\n", "v1.1 (2015 Fall) Kabir Chandrasekher \\*\\*, Max Kanwal \\*\\*, Kangwook Lee \\*\\*\\*, Kannan Ramchandran \\*\\*\\*

\n", "v1.2 (2016 Fall) Kabir Chandrasekher, Tony Duan, David Marn, Ashvin Nair, Kangwook Lee, Kannan Ramchandran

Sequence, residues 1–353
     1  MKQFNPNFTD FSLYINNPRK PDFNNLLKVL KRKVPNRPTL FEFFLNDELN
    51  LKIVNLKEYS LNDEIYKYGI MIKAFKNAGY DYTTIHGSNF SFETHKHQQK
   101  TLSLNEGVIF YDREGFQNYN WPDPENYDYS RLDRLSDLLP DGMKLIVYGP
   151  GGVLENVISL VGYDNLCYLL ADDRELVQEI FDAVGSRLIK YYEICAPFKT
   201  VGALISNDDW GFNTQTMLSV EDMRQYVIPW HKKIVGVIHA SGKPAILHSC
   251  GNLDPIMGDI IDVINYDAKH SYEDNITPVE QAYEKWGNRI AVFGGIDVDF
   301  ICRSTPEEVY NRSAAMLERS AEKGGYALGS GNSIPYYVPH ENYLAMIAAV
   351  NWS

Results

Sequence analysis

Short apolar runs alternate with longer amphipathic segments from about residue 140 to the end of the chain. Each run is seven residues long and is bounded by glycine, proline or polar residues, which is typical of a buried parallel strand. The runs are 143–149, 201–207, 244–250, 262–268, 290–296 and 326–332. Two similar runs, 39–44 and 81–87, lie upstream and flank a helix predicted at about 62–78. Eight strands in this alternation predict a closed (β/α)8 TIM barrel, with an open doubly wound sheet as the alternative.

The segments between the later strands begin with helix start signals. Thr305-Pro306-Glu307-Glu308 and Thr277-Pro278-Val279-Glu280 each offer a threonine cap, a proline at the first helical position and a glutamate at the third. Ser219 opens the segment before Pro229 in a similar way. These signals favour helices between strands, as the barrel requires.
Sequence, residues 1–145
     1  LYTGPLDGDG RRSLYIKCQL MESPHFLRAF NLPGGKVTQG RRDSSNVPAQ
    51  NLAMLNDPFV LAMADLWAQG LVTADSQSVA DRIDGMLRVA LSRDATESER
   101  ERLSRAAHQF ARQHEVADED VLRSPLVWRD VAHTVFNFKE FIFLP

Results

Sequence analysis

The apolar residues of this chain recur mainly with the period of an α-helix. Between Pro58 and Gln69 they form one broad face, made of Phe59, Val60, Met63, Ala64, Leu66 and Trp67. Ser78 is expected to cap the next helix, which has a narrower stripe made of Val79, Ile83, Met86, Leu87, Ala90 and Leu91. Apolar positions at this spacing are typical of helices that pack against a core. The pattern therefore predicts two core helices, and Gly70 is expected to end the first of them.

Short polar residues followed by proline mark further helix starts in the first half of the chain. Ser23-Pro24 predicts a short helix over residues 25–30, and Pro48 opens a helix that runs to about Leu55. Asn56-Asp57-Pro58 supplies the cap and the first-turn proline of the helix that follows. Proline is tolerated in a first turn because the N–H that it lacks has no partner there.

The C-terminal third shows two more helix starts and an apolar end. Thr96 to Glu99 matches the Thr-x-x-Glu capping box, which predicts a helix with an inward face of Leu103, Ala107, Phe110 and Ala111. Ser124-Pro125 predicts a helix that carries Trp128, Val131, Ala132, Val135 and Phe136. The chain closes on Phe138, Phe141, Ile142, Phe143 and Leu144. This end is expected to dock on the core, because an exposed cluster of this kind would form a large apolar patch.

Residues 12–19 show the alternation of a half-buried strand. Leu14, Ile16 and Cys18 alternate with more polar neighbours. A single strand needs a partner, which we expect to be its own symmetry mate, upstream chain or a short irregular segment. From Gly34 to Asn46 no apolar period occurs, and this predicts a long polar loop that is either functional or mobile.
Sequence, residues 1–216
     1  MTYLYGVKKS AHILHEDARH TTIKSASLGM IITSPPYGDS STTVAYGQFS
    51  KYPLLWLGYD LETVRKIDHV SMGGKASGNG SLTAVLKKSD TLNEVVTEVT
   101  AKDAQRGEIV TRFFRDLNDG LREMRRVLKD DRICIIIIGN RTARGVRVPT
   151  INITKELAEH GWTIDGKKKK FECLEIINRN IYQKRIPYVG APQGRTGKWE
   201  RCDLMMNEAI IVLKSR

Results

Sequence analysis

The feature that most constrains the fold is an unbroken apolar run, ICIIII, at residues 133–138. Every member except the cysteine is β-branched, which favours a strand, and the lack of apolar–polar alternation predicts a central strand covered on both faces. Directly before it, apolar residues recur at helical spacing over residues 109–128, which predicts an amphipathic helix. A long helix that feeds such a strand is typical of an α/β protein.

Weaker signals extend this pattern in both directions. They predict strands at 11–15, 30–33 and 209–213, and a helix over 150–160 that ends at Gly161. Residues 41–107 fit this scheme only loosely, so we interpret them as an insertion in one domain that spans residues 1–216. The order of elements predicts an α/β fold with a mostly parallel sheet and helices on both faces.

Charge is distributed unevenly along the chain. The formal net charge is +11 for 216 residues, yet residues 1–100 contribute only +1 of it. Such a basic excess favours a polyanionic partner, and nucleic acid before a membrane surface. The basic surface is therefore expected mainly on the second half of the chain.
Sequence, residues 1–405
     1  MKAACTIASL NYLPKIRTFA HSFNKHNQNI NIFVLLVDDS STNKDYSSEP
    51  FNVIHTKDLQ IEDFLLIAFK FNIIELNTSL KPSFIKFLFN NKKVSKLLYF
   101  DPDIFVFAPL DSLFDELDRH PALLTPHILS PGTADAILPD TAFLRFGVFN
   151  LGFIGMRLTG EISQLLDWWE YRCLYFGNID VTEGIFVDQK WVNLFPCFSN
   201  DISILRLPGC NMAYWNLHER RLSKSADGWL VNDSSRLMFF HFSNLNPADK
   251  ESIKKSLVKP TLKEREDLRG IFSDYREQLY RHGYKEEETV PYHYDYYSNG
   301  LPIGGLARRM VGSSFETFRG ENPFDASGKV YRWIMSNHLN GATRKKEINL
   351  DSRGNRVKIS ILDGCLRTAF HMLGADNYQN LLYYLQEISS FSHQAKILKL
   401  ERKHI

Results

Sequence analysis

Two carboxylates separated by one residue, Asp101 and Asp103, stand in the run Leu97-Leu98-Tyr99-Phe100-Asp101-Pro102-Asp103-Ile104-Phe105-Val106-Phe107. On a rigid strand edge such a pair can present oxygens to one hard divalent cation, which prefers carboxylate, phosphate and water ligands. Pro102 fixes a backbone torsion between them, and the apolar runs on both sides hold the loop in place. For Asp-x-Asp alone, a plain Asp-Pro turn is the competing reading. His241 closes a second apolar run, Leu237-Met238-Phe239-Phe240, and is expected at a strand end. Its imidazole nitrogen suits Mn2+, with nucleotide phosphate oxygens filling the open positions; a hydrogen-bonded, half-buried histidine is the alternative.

" ] }, { "cell_type": "markdown", "metadata": {}, "source": [ "## Question 1 -- The Erdős–Rényi Model" ] }, { "cell_type": "markdown", "metadata": {}, "source": [ "To begin the lab, we explore random graphs, introduced by [Erdős and Rényi](http://www.renyi.hu/~p_erdos/1959-11.pdf). -- $G(n,p)$ has $n$ nodes and probability $p$ of an edge between each node.\n", "\n", "You will need to install [NetworkX](http://networkx.github.io/documentation/latest/install.html) in order to complete this lab. If you have difficulty installing it, you can follow a StackOverflow thread available [here](http://stackoverflow.com/questions/9836909/easy-install-networkx). Many of you may already have NetworkX because it comes default with the Anaconda installation of iPython." ] }, { "cell_type": "markdown", "metadata": {}, "source": [ "We provide the following basic imports as well as a function written to draw graphs for you. The structure of a graph object is a collection of edges, in (node1, node2) form. You should know how to use `draw_graph`, but you don't really need to know how it works. Play around with it and look at those pretty graphs :)" ] }, { "cell_type": "code", "execution_count": 1, "metadata": { "collapsed": false }, "outputs": [], "source": [ "%matplotlib inline\n", "from pylab import *\n", "import random as rnd\n", "import networkx as nx\n", "from __future__ import division\n", "\n", "rcParams['figure.figsize'] = 12, 12 # that's default image size for this interactive session\n", "\n", "def draw_graph(graph, labels=None, graph_layout='shell',\n", " node_size=1600, node_color='blue', node_alpha=0.3,\n", " node_text_size=12,\n", " edge_color='blue', edge_alpha=0.3, edge_tickness=1,\n", " edge_text_pos=0.3,\n", " text_font='sans-serif'):\n", " \"\"\" \n", " Based on: https://www.udacity.com/wiki/creating-network-graphs-with-python\n", " We describe a graph as a list enumerating all edges.\n", " Ex: graph = [(1,2), (2,3)] represents a graph with 2 edges - (node1 - node2) and (node2 - node3)\n", " \"\"\"\n", " \n", " # create networkx graph\n", " G=nx.Graph()\n", "\n", " # add edges\n", " for edge in graph:\n", " G.add_edge(edge[0], edge[1])\n", "\n", " # these are different layouts for the network you may try\n", " # shell seems to work best\n", " if graph_layout == 'spring':\n", " graph_pos=nx.spring_layout(G)\n", " elif graph_layout == 'spectral':\n", " graph_pos=nx.spectral_layout(G)\n", " elif graph_layout == 'random':\n", " graph_pos=nx.random_layout(G)\n", " else:\n", " graph_pos=nx.shell_layout(G)\n", "\n", " # draw graph\n", " nx.draw_networkx_nodes(G,graph_pos,node_size=node_size, \n", " alpha=node_alpha, node_color=node_color)\n", " nx.draw_networkx_edges(G,graph_pos,width=edge_tickness,\n", " alpha=edge_alpha,edge_color=edge_color)\n", " nx.draw_networkx_labels(G, graph_pos,font_size=node_text_size,\n", " font_family=text_font)\n", " # show graph\n", " plt.show()" ] }, { "cell_type": "code", "execution_count": null, "metadata": { "collapsed": true }, "outputs": [], "source": [ "graph = [(1,2),(2,3),(1,3)]\n", "draw_graph(graph)" ] }, { "cell_type": "code", "execution_count": null, "metadata": { "collapsed": true }, "outputs": [], "source": [ "graph = [(1,1),(2,2)]\n", "draw_graph(graph) # no self-loops, so put a self-loop if you want a disconnected node" ] }, { "cell_type": "markdown", "metadata": {}, "source": [ "Lets create a function that returns all the nodes that can be reached from a certain starting point given the representation of a graph above.\n", "\n", "### 1a. Fill out the following method to find the set of connected components from a starting node on a graph." ] }, { "cell_type": "code", "execution_count": 5, "metadata": { "collapsed": true }, "outputs": [], "source": [ "def find_connected_component(graph, starting_node):\n", " \"\"\"\n", " >>> graph = [(1,2),(2,3),(1,3)]\n", " >>> find_connected_component(graph,1)\n", " {1, 2, 3}\n", " >>> graph = [(1,1),(2,3),(2,4),(3,5),(3,6),(4,6),(1,7),(7,8),(1,8)]\n", " >>> find_connected_component(graph,1)\n", " {1, 7, 8}\n", " >>> find_connected_component(graph,2)\n", " {2, 3, 4, 5, 6}\n", " \"\"\"\n", " connected_nodes = set()\n", " connected_nodes.add( starting_node )\n", " \n", " #Your code here\n", " \n", " return connected_nodes" ] }, { "cell_type": "code", "execution_count": null, "metadata": { "collapsed": true }, "outputs": [], "source": [ "graph = [(1,2),(2,3),(1,3)]\n", "find_connected_component(graph,1)" ] }, { "cell_type": "code", "execution_count": null, "metadata": { "collapsed": true }, "outputs": [], "source": [ "graph = [(1,1),(2,3),(2,4),(3,5),(3,6),(4,6),(1,7),(7,8),(1,8)]\n", "# draw_graph(graph)\n", "find_connected_component(graph,1)" ] }, { "cell_type": "code", "execution_count": null, "metadata": { "collapsed": true }, "outputs": [], "source": [ "find_connected_component(graph,2)" ] }, { "cell_type": "markdown", "metadata": {}, "source": [ "### 1b. Fill out the following method that takes and returns all the connected components of the graph." ] }, { "cell_type": "markdown", "metadata": {}, "source": [ "You may want to use the function you wrote above." ] }, { "cell_type": "code", "execution_count": 10, "metadata": { "collapsed": true }, "outputs": [], "source": [ "def connected_components(graph):\n", " \"\"\"\n", " >>> graph = [(1,1),(2,3),(2,4),(3,5),(3,6),(4,6),(1,7),(7,8),(1,8)]\n", " >>> connected_components(graph)\n", " [{1, 7, 8}, {2, 3, 4, 5, 6}]\n", " >>> largest_component_size(graph)\n", " 5\n", " \"\"\"\n", " nodes = set()\n", " components = []\n", "\n", " # Your code here\n", " \n", " return components" ] }, { "cell_type": "code", "execution_count": 11, "metadata": { "collapsed": false }, "outputs": [], "source": [ "# These guys should work after you've implemented connected_components\n", "component_sizes = lambda graph: [len(component) for component in (connected_components(graph))]\n", "largest_component_size = lambda graph: max(component_sizes(graph))" ] }, { "cell_type": "code", "execution_count": null, "metadata": { "collapsed": true }, "outputs": [], "source": [ "print(connected_components(graph))\n", "print(largest_component_size(graph))" ] }, { "cell_type": "markdown", "metadata": {}, "source": [ "Next, we want to create a function that, given the number of nodes in a graph, will randomly generate edges between nodes. That is, we want to construct a random graph following the Erdős–Rényi model.\n", "\n", "### 1c. Fill out the following function to create an Erdős–Rényi random graph $G(n,p)$." ] }, { "cell_type": "code", "execution_count": 78, "metadata": { "collapsed": true }, "outputs": [], "source": [ "def G(n,p):\n", " graph = [] \n", " # Recall that we describe a graph as a list enumerating all edges. Node names can be numbers.\n", " \n", " #Your code here\n", " \n", " return graph" ] }, { "cell_type": "markdown", "metadata": {}, "source": [ "Make sure you can see all nodes from 1 to 10 in the graph below -- if not, check your code!" ] }, { "cell_type": "code", "execution_count": null, "metadata": { "collapsed": true }, "outputs": [], "source": [ "graph = G(10,0.1)\n", "draw_graph(graph)" ] }, { "cell_type": "markdown", "metadata": {}, "source": [ "## Question 2 -- Phase Transitions!\n", "\n", "Now let's examine some of the qualitative properties of a random graph developed in the original Erdős & Rényi paper.\n", "\n", "(You don't need to code anything for this question)." ] }, { "cell_type": "code", "execution_count": 43, "metadata": { "collapsed": false }, "outputs": [], "source": [ "epsilon = 1/100" ] }, { "cell_type": "markdown", "metadata": {}, "source": [ "#### Transition 1: If $np < 1$, then a graph in $\\operatorname{G}(n, p)$ will almost surely have no connected components of size larger than $\\operatorname{O}(\\log(n))$" ] }, { "cell_type": "code", "execution_count": null, "metadata": { "collapsed": true }, "outputs": [], "source": [ "largest_sizes = []\n", "n = 50\n", "p = 1/50 - epsilon\n", "for i in xrange(1000):\n", " graph = G(n,p)\n", " largest_sizes.append(largest_component_size(graph))\n", " \n", "print \"We expect the largest component size to be on the order of: \", np.log2(n)\n", "print \"True average size of the largest component: \", np.mean(largest_sizes)" ] }, { "cell_type": "markdown", "metadata": {}, "source": [ "Let's check a visualization of the last graph we generated:" ] }, { "cell_type": "code", "execution_count": null, "metadata": { "collapsed": true }, "outputs": [], "source": [ "draw_graph(graph, graph_layout='spring')" ] }, { "cell_type": "markdown", "metadata": {}, "source": [ "#### Transition 2: If $np = 1$, then a graph in $\\operatorname{G}(n, p)$ will almost surely have a largest component whose size is of order $n^{2/3}$." ] }, { "cell_type": "code", "execution_count": null, "metadata": { "collapsed": true }, "outputs": [], "source": [ "largest_sizes = []\n", "n = 50\n", "p = 1/50\n", "for i in xrange(1000):\n", " graph = G(n,p)\n", " largest_sizes.append(largest_component_size(graph))\n", "\n", "print \"We expect the largest componenet size to be on the order of: \", n**(2/3)\n", "print \"True average size of the largest componenent: \", np.mean(largest_sizes)" ] }, { "cell_type": "markdown", "metadata": {}, "source": [ "We can see this largest component visually:" ] }, { "cell_type": "code", "execution_count": null, "metadata": { "collapsed": true }, "outputs": [], "source": [ "draw_graph(graph, graph_layout='spring')" ] }, { "cell_type": "markdown", "metadata": {}, "source": [ "#### Transition 3: If $np → c > 1$, where $c$ is a constant, then a graph in $\\operatorname{G}(n,p)$ will almost surely have a unique giant component containing a positive fraction of the vertices. No other component will contain more than $\\operatorname{O}(\\log(n))$ vertices.\n", "\n", "We'll increase the number of nodes by a factor of 10 here so we can see this more clearly. Pay attention to the precipitous decline from the size of the largest connected component to that of all the rest." ] }, { "cell_type": "code", "execution_count": null, "metadata": { "collapsed": true }, "outputs": [], "source": [ "largest_sizes = []\n", "epsilon = 1/10000\n", "n = 5000\n", "p = 1/5000 + epsilon\n", "graph = G(n,p)\n", "\n", "print \"The sorted sizes of the components are:\"\n", "print sorted(component_sizes(graph))[::-1]\n", "print \"No other component should have size more than on the order of:\", np.log2(n)" ] }, { "cell_type": "markdown", "metadata": {}, "source": [ "#### Transition 4: If $p<\\tfrac{(1-\\epsilon)\\ln n}{n}$, then a graph in $\\operatorname{G}(n,p)$ will almost surely contain isolated vertices, and thus be disconnected." ] }, { "cell_type": "code", "execution_count": null, "metadata": { "collapsed": true }, "outputs": [], "source": [ "rnd.seed(1)\n", "largest_sizes = []\n", "epsilon = .1\n", "n = 10000\n", "p = (1-epsilon)*np.log(n) / n\n", "num_isolated = 0\n", "trials = 10\n", "for _ in xrange(trials):\n", " graph = G(n,p)\n", " print 'List of component sizes:', component_sizes(graph)\n", " if 1 in component_sizes(graph):\n", " num_isolated += 1\n", "print \"Probability of graphs containing isolated vertices: \", num_isolated / trials" ] }, { "cell_type": "markdown", "metadata": {}, "source": [ "#### Transition 5: If $p>\\tfrac{(1+\\epsilon)\\ln n}{n}$, then a graph in $\\operatorname{G}(n,p)$ will almost surely be connected." ] }, { "cell_type": "code", "execution_count": null, "metadata": { "collapsed": true }, "outputs": [], "source": [ "rnd.seed(1)\n", "largest_sizes = []\n", "epsilon = 1/3\n", "n = 10000\n", "p = (1+epsilon)*np.log(n) / n\n", "num_isolated = 0\n", "trials = 10\n", "for _ in xrange(trials):\n", " graph = G(n,p)\n", " print 'List of component sizes:', component_sizes(graph)\n", " if 1 in component_sizes(graph):\n", " num_isolated += 1\n", "print \"Probability that graphs are connected: \", 1 - num_isolated / trials" ] }, { "cell_type": "markdown", "metadata": {}, "source": [ "Cool! Now we've experimentally verified the results of the Erdős–Rényi paper. \n", "\n", "Isn't it neat that you can rigorously formalize this kind of qualitative behavior of a graph, and then clearly see these transitions in simulation? " ] }, { "cell_type": "markdown", "metadata": { "collapsed": true }, "source": [ "## Question 3 -- The Stochastic Block Model" ] }, { "cell_type": "markdown", "metadata": {}, "source": [ "So far we've discussed the Erdős–Rényi model of a random graph $G(n,p)$. There are extensions that are better, more realistic models in many situations.\n", "\n", "As a motivating example, consider the graph formed by friendships of Berkeley students and Stanford students on Facebook. The probability of a friendship between two students both attending UC Berkeley is much higher than the probability that a student from UC Berkeley is friends with a student from Stanford. In the Erdos-Renyi model, however, the two edges formed by these friendships have the same probability!\n", "\n", "In this section, we will explore communities such as the following:\n", "\n", "" ] }, { "cell_type": "markdown", "metadata": {}, "source": [ "How will we do this? Use the